For the past two years, I have been alone on Christmas Eve. The first year, I felt miserable and terribly lonely. Last year, I felt afraid of that feeling and I wrote Almost Christmas as a hope and wish for things to be different. In fact, I did not go to church alone on Christmas Eve, I went to sleep, then I woke up on Christmas Day and went to Church by myself.
Do you know the songs, Please Come Home for Christmas and All I Want for Christmas is You? Yesterday, these songs played back to back on my music station. I want to celebrate the holiday like families do, like couples do in relationships. But this would take a Christmas miracle.
This year, I am preparing to go to church solo, come home to an empty house, and wake up alone. Last year, I hoped for more and felt disappointed when it didn’t happen. This year, I will not feel disappointed. I will try my best to see this alone time as an opportunity and remember it will not last forever. Someday, my house will be overflowing on Christmas Eve. I will be wrapping lots of presents, but I will remember these Christmases in case I start to get wrapped up in the commercial holiday.
Never forget these Christmas Eves when you felt poor and lonely. You are not really alone. There are many people around the world who are also alone tonight.
Maybe next year, the year after, or five years from now, you are reading this with beds full in the adjacent rooms, with presents piled high under the tree. Be thankful for what you have. But remember from where all blessings come.
We celebrate Christmas to remember the birth of a child, who was given the name Jesus. His birth was prophesied in this passage, “For a child is born to us, a son is given to us. The government will rest on his shoulders. And he will be called: Wonderful Counselor, Mighty God, Everlasting Father, Prince of Peace.” Isaiah 9:6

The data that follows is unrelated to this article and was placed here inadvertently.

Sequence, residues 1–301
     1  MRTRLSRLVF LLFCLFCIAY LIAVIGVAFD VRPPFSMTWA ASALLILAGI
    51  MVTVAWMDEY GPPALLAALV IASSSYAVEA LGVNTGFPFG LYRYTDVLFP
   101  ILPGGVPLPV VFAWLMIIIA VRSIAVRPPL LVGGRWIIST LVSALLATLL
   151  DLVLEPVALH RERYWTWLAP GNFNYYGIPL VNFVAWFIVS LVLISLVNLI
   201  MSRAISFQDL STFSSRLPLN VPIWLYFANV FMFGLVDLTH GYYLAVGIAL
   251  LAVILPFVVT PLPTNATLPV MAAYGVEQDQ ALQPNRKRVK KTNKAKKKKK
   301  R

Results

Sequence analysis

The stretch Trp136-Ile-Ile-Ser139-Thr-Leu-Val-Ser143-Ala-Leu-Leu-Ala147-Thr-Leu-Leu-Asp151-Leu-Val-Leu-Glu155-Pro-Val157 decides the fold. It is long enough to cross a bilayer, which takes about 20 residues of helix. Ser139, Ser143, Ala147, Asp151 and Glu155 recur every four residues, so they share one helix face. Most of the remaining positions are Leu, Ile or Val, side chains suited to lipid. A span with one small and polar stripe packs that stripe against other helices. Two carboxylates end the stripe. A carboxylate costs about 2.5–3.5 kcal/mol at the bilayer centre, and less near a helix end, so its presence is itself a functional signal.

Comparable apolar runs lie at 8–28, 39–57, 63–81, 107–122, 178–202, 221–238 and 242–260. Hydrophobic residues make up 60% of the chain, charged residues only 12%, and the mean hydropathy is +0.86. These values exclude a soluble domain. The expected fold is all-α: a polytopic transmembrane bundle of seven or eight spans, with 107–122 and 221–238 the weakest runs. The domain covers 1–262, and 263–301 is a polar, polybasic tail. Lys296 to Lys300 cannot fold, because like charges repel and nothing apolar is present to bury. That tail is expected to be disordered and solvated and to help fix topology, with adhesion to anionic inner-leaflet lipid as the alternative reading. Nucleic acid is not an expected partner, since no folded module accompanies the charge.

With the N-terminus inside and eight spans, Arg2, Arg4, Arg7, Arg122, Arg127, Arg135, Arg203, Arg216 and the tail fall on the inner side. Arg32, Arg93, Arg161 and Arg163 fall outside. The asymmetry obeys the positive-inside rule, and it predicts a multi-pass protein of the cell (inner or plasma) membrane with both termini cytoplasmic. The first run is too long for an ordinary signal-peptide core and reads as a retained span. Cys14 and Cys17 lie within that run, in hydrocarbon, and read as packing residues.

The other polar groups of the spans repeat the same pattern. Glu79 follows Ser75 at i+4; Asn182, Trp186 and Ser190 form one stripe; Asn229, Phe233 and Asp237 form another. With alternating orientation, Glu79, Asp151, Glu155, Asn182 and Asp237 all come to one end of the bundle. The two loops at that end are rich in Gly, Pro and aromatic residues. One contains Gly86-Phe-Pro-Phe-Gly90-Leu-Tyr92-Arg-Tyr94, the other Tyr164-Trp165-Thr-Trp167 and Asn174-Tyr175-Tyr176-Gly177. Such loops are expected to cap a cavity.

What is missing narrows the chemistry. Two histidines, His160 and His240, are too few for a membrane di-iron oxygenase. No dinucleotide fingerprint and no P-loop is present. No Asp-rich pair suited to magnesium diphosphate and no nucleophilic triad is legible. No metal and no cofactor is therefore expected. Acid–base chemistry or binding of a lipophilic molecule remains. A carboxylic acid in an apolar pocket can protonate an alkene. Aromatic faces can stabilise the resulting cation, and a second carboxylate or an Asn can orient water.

This message came to the Jewish people about 700 years before the birth of Jesus. Then a baby came, and some believed, and some are still waiting.
The authors of Killing Jesus, Bill O’Reilly and Martin Dugard remind us that there have been more books written about Jesus, more pieces of art created and more songs composed, than any other human being.
I have all the evidence I need to believe that Jesus was God in the flesh. I believe in the first Christmas miracle. Someday, I will get my Christmas miracle. I will have that full house on Christmas Eve, but I will not feel disappointed this year if I don’t get it.
This year, I will start a new Christmas Eve tradition.
I will take this moment to reflect on the blessings that have happened this year.
Living on faith means trusting in God with everything. For the past year, I wandered from home to home, hoping for a place to call home.
I lived in four different homes, only one was a family member’s.
I had enough money to survive without working for a regular paycheck until October, which allowed me to focus on my business.
October 2: I met an angel. More about him to come.
October 5: My best friend had a miraculous operation.
October 25: I had enough income to pay my first rent check in over a year.
December 12: Fully-funded Kickstarter project
Reflecting on these blessings makes me wonder why I ever complain. It is true that I do not have my marriage miracle yet, but I have so much. I recognize that my happiness is not dependent on the love of another human being. Instead, I must choose to feel content with my current situation in order to feel happy. I choose joy.
But if you are alone tonight, let me pray for you.
I ask that you bring comfort to the lonely. Help us to remember that because of you, we are never truly alone. You will never leave us, nor forsake us.
Thank you for helping me remember what I do have, so turn from focusing on my areas of lack. You are my rock and my provider. So I will not worry about anything. Please fill me with peace that surpasses all understanding, so I can wait patiently for the gift of a healthy relationship when the timing is right.
In Jesus’ Name,